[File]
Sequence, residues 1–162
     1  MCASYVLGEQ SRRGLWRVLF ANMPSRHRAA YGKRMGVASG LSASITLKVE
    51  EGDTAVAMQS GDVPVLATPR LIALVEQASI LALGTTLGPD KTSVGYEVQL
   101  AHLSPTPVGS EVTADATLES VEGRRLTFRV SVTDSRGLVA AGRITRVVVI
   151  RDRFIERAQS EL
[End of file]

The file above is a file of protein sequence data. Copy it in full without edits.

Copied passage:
Sequence, residues 1–162
     1  MCASYVLGEQ SRRGLWRVLF ANMPSRHRAA YGKRMGVASG LSASITLKVE
    51  EGDTAVAMQS GDVPVLATPR LIALVEQASI LALGTTLGPD KTSVGYEVQL
   101  AHLSPTPVGS EVTADATLES VEGRRLTFRV SVTDSRGLVA AGRITRVVVI
   151  RDRFIERAQS EL